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Tuesday, 11 October 2011
Page: 11357


Mr DANBY (Melbourne Ports) (11:43): I rise to speak on the Clean Energy Bill 2011 and related bills. We have a responsibility to ensure that generations after us do not inherit the problems of today. A carbon price, in my view, is an effective method to transit our economy from a high-emitting economy to a low-emitting one.

We would like to be remembered as having left to our children a better Australia and a better economy than we inherited. We can say when we leave this place that when we were asked to act we did not falter but instead rose above the bitter, vitriolic—indeed, I would argue, conspiracy-raising—point-scoring that has been part of this debate.

Many people in this debate act in good faith. As on most issues, they vote on the future of the country in that spirit. That is why the introduction of the clean energy bills and the implementation of a carbon price is essential. The clean energy bills will ensure that the 500 largest polluters in Australia pay for emitting carbon, not ourselves. Costs that are passed on to consumers will be offset by compensation. In my own electorate of Melbourne Ports, surrounded by Port Phillip Bay, 14,500 pensioners will receive an extra $338 per year if they are single, and there will be up to $510 per year for couples combined. Two thousand, three hundred self-funded retirees will receive an extra $338 per year if they are single, and there will be up to $510 per year for couples combined. Three thousand job seekers in Melbourne Ports will get up to $218 extra per year, for singles, and $390 per year, for couples. Seven hundred single parents in Melbourne Ports will get an extra $289 per year, and 2,100 students will get up to $117 extra per year.

The government will also be providing tax cuts that will increase the tax-free threshold—this is most significant—from $6,000 to $18,000 on 1 July 2012 and to $19,400 on 1 July 2015. The tax cuts from the increase in the threshold gradually will be offset so that those with taxable incomes under $80,000 a year get a cut that counters their higher energy prices, while those earning about $80,000 will have no change in their tax bills. Overall, the carbon price will see prices rise by less than one per cent. The modelling says that there will be an increase in the number of jobs by 2013 and a further increase in 2020. Of course, with international economic circumstances we cannot necessarily predict exactly where the Australian economy will be going, but certainly the economic evidence that I have seen suggests that with the new arrangements under the clean energy legislation there will be as many jobs newly created as may be jeopardised.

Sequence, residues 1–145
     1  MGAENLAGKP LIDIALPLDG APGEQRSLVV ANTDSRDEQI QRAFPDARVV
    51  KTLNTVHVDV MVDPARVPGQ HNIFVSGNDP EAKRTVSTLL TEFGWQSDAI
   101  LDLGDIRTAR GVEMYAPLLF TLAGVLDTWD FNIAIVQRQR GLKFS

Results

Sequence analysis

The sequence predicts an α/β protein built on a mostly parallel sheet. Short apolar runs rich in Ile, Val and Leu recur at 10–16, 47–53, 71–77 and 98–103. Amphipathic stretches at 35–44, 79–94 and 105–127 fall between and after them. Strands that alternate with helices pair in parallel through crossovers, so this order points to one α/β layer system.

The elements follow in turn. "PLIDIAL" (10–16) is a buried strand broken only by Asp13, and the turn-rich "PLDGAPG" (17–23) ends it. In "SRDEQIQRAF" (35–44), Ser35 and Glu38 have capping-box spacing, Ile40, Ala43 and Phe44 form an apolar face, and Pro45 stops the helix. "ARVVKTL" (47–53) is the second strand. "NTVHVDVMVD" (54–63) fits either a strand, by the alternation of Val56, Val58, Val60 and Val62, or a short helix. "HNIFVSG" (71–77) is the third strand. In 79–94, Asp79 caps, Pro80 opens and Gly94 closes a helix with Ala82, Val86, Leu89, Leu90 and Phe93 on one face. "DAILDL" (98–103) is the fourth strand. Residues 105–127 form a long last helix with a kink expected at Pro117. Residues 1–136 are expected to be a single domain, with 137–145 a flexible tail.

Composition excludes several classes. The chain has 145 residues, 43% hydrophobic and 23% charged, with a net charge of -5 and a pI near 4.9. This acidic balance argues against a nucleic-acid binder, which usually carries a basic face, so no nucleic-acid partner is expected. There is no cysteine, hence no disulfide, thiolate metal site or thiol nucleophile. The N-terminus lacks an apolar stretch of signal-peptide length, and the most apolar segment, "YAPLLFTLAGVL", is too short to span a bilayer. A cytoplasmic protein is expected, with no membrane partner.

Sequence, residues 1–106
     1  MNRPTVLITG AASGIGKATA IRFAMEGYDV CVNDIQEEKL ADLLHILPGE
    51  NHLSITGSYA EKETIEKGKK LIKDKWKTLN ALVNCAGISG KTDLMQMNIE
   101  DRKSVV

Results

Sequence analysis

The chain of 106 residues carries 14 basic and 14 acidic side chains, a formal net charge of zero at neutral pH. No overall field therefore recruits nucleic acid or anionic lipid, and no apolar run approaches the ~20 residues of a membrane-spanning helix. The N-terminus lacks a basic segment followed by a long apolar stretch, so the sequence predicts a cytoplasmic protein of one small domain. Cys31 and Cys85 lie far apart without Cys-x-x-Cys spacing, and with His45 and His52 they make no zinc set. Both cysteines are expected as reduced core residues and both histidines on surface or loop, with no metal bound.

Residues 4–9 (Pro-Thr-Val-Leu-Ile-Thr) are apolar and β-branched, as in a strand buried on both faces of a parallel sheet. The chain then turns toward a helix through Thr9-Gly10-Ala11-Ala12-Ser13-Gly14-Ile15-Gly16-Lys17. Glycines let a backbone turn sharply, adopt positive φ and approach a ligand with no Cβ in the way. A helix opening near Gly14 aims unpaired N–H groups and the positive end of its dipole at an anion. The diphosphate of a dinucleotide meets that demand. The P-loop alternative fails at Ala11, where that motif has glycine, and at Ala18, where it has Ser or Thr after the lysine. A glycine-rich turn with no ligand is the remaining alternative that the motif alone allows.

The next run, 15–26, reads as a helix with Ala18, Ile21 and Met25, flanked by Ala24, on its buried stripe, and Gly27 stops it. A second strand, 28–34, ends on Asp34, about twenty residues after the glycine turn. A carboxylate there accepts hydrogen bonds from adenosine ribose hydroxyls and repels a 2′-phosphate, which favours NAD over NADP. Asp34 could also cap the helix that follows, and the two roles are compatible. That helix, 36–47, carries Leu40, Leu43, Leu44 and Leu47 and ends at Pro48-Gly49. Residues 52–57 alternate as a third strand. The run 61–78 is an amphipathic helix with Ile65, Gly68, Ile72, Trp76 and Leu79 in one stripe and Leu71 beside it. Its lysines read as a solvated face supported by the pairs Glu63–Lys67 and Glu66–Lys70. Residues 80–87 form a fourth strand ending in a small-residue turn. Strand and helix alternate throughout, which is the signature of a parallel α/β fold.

Our $9.2 billion Jobs and Competitiveness Program will shield heavy industry sectors like steelmaking, aluminium production and glass and paper manufacturing from the carbon price to support jobs in Australia. The $300 million Steel Transformation Plan will provide extra assistance for steelmakers. I note it was even supported on Lateline last night by Mr Warburton, who said that, despite his opposition to this legislation, the industry associations do support the Steel Transformation Plan. On top of that, there is an $800 million Clean Technology Investment Program, which will provide grants for manufacturers to invest in energy-saving equipment and low-pollution technologies—and there is also a special $150 million program for the food-processing sector.